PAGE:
postpone its borrowing or give it up altogether,
and that is what it ought to do, because there is no


judge of the expediency and prudence of a loan so
good as an investor who is asked to find money for
it. But if, when the investor shakes his head over
a proposed loan and asks for a prohibitive rate,
the Government says, " Very well ; take your
usury on a short-term security to be repaid in a
year or two. Then we will convert the floating
debt into fixed debt, and perhaps something lucky
may have turned up by that time, to make things
easier for us," it is then dodging the restraint
which public opinion is seeking to put upon its
borrowings. Does it get much good out of the
transaction? It gets its money, of course; but it
would probably have been better without it. By
exhibiting itself as forced to borrow for short
periods at high rates it injures its credit. The
hawking about of its short-term bonds and bills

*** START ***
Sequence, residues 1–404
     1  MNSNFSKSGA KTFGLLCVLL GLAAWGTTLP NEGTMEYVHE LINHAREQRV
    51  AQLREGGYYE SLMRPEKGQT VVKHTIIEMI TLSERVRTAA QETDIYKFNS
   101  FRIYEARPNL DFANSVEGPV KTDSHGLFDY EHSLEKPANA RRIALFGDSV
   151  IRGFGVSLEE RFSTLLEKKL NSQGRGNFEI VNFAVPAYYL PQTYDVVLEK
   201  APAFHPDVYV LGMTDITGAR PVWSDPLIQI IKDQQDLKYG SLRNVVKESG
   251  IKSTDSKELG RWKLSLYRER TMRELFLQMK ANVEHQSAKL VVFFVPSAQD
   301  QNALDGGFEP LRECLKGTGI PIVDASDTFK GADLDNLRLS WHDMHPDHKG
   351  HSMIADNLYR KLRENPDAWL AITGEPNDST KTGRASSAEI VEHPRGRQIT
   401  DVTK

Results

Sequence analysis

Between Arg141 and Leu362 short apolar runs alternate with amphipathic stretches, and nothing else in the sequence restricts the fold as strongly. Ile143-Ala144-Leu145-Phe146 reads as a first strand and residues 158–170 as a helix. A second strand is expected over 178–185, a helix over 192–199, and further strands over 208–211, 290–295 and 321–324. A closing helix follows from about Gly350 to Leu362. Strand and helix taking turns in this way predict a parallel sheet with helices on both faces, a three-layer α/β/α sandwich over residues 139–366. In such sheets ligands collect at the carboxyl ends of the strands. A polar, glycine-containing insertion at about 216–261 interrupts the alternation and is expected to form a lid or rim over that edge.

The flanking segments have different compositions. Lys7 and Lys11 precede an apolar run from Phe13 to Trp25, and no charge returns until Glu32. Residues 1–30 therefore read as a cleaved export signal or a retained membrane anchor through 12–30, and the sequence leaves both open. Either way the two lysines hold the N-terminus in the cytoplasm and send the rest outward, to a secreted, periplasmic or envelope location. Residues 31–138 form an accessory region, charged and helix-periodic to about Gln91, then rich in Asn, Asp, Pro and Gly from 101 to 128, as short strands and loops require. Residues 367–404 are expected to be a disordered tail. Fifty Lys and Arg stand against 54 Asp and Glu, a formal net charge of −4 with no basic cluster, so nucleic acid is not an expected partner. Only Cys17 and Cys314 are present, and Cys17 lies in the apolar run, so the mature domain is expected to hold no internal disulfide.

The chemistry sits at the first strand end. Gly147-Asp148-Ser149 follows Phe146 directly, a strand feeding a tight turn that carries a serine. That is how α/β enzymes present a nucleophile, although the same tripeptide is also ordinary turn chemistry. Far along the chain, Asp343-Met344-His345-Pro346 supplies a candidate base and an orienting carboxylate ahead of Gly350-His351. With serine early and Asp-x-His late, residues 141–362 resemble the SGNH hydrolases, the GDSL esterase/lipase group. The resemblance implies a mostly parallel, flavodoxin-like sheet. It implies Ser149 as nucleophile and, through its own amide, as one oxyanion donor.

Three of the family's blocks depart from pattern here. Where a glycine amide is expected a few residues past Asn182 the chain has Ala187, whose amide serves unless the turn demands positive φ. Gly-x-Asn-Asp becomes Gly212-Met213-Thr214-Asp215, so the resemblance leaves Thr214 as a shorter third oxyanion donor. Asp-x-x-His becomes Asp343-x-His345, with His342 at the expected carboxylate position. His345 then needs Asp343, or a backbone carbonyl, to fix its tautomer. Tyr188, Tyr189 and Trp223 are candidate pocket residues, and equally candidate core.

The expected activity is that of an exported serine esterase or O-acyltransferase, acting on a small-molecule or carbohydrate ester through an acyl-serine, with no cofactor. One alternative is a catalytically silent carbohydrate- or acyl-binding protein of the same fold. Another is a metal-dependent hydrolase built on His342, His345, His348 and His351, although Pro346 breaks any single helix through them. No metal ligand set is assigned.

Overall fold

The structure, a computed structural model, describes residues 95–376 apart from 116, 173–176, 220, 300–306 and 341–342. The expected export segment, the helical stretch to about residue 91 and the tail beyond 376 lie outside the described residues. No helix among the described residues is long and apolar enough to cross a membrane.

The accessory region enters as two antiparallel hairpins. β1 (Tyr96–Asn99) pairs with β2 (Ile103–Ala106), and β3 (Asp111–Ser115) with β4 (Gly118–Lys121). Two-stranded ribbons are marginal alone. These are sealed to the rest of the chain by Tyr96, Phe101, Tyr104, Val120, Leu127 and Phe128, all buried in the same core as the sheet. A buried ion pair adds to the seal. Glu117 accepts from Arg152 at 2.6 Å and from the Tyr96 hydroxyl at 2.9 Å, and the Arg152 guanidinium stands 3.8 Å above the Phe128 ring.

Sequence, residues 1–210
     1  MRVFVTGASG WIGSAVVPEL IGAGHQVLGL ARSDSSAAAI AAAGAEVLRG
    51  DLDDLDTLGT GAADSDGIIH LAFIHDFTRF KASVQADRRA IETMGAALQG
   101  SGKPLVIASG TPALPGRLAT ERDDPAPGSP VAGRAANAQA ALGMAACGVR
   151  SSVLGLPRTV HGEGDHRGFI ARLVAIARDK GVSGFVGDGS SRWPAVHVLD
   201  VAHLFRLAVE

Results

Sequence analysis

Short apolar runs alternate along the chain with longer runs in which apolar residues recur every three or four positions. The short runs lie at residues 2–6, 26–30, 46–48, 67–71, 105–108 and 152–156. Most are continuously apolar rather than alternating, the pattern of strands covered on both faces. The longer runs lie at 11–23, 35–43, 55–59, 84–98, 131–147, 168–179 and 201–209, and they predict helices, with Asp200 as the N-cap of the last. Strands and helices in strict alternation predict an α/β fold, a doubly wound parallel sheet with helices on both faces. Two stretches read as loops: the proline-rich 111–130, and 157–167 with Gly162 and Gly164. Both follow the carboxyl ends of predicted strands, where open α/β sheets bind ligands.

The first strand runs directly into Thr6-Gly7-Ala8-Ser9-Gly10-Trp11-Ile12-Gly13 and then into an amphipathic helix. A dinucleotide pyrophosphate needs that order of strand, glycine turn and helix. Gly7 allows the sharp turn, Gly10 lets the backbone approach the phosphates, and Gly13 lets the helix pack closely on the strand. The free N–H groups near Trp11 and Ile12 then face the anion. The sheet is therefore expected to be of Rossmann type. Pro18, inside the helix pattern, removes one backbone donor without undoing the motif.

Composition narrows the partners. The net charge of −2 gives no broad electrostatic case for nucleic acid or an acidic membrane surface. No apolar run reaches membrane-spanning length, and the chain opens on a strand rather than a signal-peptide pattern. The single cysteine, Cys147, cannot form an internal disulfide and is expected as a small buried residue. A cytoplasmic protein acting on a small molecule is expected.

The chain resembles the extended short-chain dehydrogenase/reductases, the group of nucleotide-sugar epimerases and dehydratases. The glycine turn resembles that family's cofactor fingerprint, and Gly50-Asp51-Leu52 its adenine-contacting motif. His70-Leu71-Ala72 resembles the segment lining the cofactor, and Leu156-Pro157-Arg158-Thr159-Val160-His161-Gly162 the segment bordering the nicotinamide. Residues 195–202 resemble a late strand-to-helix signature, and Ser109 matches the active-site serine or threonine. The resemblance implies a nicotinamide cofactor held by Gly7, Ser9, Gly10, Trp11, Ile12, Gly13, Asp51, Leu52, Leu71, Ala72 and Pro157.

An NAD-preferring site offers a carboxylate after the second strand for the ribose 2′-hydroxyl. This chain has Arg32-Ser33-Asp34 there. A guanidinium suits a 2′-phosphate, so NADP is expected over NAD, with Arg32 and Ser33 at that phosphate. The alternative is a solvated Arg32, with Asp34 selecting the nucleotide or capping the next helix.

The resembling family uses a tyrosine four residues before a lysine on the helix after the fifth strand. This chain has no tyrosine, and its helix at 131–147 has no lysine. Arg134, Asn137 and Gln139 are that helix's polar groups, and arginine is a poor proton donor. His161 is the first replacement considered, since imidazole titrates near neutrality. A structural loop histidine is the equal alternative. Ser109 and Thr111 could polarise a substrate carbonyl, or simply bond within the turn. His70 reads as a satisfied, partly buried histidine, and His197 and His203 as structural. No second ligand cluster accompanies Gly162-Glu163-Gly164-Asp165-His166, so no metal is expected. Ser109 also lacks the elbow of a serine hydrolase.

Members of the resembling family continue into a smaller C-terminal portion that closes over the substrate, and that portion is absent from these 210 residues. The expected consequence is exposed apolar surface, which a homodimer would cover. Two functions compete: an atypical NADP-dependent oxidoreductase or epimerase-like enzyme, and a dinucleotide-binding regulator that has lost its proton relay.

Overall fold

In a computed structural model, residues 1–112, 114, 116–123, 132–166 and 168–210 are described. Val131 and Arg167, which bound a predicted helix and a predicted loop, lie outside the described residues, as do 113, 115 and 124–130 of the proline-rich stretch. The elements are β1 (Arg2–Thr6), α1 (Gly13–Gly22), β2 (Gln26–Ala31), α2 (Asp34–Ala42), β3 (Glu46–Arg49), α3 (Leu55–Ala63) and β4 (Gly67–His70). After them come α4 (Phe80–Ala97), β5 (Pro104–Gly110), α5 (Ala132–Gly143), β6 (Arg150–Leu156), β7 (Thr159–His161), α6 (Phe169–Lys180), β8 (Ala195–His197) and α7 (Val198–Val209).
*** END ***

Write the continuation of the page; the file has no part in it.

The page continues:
constantly advertises its difficulties ; and when the
time for their repayment comes, at which it once
hoped to be able to convert them into fixed debt on
favourable terms, it probably finds that the opera-
tion which was intended to tide over its evil days
has had no other effect than to prolong them. The
short-term securities have then to be renewed at
still more exorbitant rates because of the fresh
advertisement which their renewal gives to the
difficulties of the borrower. Worse still, the
gamble on the state of the money market involved
in the short-term issue may turn out so con-
spicuously ill that the bonds fall due at a time
of panic amongst lenders, when a loan can hardly
be obtained at any price. That is a risk inherent
in the issue of any security which must be repaid
without option on a given day ; and it is a risk


which should not be lightly run by responsible
financiers. Another objection to this form of
borrowing is that it is so fatally easy. In the early